Biorenewable polymer composites from tall oil-based polyamide and lignin-cellulose fiber

Thumbnail Image
Date
2015-12-20
Authors
Liu, Kunwei
Madbouly, Samy
Schrader, James
Kessler, Michael
Graves, William
Major Professor
Advisor
Committee Member
Journal Title
Journal ISSN
Volume Title
Publisher
Authors
Person
Grewell, David
Affiliate Professor
Research Projects
Organizational Units
Organizational Unit
Materials Science and Engineering

The Department of Materials Science and Engineering teaches the composition, microstructure, and processing of materials as well as their properties, uses, and performance. These fields of research utilize technologies in metals, ceramics, polymers, composites, and electronic materials.

History
The Department of Materials Science and Engineering was formed in 1975 from the merger of the Department of Ceramics Engineering and the Department of Metallurgical Engineering.

Dates of Existence
1975-present

Related Units

Organizational Unit
Horticulture
The Department of Horticulture was originally concerned with landscaping, garden management and marketing, and fruit production and marketing. Today, it focuses on fruit and vegetable production; landscape design and installation; and golf-course design and management.
Organizational Unit
Agricultural and Biosystems Engineering

Since 1905, the Department of Agricultural Engineering, now the Department of Agricultural and Biosystems Engineering (ABE), has been a leader in providing engineering solutions to agricultural problems in the United States and the world. The department’s original mission was to mechanize agriculture. That mission has evolved to encompass a global view of the entire food production system–the wise management of natural resources in the production, processing, storage, handling, and use of food fiber and other biological products.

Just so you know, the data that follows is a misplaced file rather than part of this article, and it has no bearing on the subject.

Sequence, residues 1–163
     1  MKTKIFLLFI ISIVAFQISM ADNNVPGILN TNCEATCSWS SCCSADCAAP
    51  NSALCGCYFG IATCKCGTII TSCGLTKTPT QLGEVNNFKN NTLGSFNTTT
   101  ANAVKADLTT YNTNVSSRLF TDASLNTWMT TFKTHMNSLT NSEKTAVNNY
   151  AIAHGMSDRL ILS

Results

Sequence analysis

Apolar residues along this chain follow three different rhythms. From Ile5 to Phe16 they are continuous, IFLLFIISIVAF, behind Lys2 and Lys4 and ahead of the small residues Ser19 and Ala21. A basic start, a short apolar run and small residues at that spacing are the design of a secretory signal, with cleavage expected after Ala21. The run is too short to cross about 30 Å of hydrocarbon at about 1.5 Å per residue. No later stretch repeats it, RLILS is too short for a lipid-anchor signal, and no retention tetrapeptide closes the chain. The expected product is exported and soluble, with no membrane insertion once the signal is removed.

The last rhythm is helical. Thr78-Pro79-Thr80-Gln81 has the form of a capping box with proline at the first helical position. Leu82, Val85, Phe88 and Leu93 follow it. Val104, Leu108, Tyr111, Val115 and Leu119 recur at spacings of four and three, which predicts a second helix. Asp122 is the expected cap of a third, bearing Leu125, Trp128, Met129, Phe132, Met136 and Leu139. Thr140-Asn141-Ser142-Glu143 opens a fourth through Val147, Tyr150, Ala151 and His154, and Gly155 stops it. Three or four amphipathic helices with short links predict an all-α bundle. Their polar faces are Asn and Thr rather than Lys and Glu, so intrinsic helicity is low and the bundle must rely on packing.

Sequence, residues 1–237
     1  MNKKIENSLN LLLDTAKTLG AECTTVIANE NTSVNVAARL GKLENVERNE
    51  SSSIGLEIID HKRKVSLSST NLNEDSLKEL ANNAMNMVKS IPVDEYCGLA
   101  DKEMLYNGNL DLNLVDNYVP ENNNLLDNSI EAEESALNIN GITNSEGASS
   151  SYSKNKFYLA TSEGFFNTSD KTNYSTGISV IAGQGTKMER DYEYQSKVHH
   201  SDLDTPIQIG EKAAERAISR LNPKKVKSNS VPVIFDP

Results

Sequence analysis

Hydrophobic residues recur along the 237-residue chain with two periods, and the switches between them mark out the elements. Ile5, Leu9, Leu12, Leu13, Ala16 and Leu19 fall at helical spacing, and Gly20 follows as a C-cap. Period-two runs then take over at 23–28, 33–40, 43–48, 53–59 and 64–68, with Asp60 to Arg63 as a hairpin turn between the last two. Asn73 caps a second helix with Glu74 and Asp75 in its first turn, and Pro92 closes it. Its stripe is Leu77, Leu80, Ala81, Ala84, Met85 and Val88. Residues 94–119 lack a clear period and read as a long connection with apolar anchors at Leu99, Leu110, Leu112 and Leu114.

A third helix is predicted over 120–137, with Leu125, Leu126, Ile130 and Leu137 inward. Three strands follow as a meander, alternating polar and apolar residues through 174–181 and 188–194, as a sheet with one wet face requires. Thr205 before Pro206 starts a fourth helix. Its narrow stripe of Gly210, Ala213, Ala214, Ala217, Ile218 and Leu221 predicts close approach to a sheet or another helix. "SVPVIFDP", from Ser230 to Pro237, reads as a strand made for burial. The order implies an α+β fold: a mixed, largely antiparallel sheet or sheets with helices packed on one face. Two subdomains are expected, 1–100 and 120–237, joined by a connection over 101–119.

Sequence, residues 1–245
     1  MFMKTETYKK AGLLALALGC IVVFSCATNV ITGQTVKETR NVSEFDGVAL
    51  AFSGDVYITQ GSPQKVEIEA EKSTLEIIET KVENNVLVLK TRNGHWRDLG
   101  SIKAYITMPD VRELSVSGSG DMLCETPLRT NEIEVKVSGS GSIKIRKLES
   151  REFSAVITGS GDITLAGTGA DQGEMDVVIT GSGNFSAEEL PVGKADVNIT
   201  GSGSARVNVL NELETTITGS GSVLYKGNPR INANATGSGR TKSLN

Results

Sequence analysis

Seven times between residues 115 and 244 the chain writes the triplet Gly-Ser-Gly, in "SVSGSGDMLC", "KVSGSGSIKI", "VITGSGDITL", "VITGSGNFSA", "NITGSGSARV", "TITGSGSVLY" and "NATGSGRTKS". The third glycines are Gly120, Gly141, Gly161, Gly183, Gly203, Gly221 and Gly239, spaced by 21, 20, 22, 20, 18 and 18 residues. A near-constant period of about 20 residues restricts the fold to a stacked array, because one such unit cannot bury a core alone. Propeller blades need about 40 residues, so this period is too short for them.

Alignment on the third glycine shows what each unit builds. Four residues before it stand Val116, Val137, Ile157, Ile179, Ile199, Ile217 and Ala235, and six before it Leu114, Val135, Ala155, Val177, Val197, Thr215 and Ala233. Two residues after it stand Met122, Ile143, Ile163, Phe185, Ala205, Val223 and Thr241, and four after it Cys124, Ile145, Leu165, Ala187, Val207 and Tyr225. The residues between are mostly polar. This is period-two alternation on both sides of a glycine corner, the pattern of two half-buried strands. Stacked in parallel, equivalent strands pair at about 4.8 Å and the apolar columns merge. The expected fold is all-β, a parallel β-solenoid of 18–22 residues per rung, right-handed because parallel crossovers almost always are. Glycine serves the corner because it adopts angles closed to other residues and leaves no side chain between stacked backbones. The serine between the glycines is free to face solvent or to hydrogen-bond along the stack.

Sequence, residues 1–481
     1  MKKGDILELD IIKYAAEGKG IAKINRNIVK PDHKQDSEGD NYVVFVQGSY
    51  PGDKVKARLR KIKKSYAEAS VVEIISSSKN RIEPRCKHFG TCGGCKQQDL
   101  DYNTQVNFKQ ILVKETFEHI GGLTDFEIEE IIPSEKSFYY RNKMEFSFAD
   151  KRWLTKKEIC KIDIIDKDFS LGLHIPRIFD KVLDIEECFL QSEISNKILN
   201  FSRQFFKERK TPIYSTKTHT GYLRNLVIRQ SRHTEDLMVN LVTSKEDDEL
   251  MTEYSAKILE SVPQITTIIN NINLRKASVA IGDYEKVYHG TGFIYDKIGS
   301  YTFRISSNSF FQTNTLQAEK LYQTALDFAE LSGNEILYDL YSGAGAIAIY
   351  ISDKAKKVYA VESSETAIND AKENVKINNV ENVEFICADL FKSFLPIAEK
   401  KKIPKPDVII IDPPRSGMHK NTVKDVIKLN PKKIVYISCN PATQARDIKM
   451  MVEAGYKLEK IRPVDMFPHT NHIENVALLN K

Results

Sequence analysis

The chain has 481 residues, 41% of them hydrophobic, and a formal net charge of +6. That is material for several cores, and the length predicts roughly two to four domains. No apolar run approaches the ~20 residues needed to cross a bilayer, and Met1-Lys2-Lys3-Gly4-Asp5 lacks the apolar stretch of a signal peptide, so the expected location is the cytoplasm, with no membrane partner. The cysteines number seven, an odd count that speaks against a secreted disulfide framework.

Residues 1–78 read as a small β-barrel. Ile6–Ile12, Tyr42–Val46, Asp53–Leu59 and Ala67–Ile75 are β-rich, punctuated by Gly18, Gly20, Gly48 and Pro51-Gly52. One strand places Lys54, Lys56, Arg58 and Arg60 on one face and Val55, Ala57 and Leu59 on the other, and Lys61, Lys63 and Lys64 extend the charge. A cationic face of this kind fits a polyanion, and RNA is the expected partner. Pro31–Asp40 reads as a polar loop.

History
In 1905 Agricultural Engineering was recognized as a subdivision of the Department of Agronomy, and in 1907 it was recognized as a unique department. It was renamed the Department of Agricultural and Biosystems Engineering in 1990. The department merged with the Department of Industrial Education and Technology in 2004.

Dates of Existence
1905–present

Historical Names

  • Department of Agricultural Engineering (1907–1990)

Related Units

Journal Issue
Is Version Of
Versions
Series
Abstract

Tall oil-based polyamide (PA) was blended with lignin-cellulose fiber (LCF), an inexpensive, highly abundant byproduct of the pulp and paper industries, to produce environmental-friendly thermoplastic biocomposites. The effects of the concentration of LCF on the thermal, rheological, and mechanical properties of the composites were studied using differential scanning calorimetry (DSC), dynamic mechanical analysis (DMA), thermogravimetric analysis (TGA), rheological testing, and mechanical testing. The morphologies of the composites were investigated using scanning electron microscopy (SEM). The incorporation of LCF did not change the glass relaxation process of the polyamide significantly. Results from rheological testing showed that the complex viscosity and shear storage modulus were increased by LCF. Both the modulus and strength increased with increasing LCF content; however, LCF substantially reduced the tensile elongation of the composites. The thermal stability of the composites was strongly influenced by the concentration of LCF. The onset of the degradation process shifted to lower temperatures with increasing LCF content. We conclude that LCF has strong potential for use as filler that is compatible with tall oil-based polyamide. Adding LCF to form PA-LCF composites can lower material costs, reduce material weight, and increase strength and rigidity compared to neat PA. Composites of PA-LCF could serve as sustainable replacements for petroleum plastics in many industrial applications and would provide additional opportunities to utilize LCF, a highly abundant biorenewable material.

Comments

This is the peer reviewed version of the following article: Liu, Kunwei, Samy A. Madbouly, James A. Schrader, Michael R. Kessler, David Grewell, and William R. Graves. "Biorenewable polymer composites from tall oil‐based polyamide and lignin‐cellulose fiber." Journal of Applied Polymer Science 132, no. 48 (2015)., which has been published in final form at 10.1002/app.42592. This article may be used for non-commercial purposes in accordance with Wiley Terms and Conditions for Self-Archiving. Posted with permission.

Description
Keywords
Citation
DOI
Copyright
Thu Jan 01 00:00:00 UTC 2015
Collections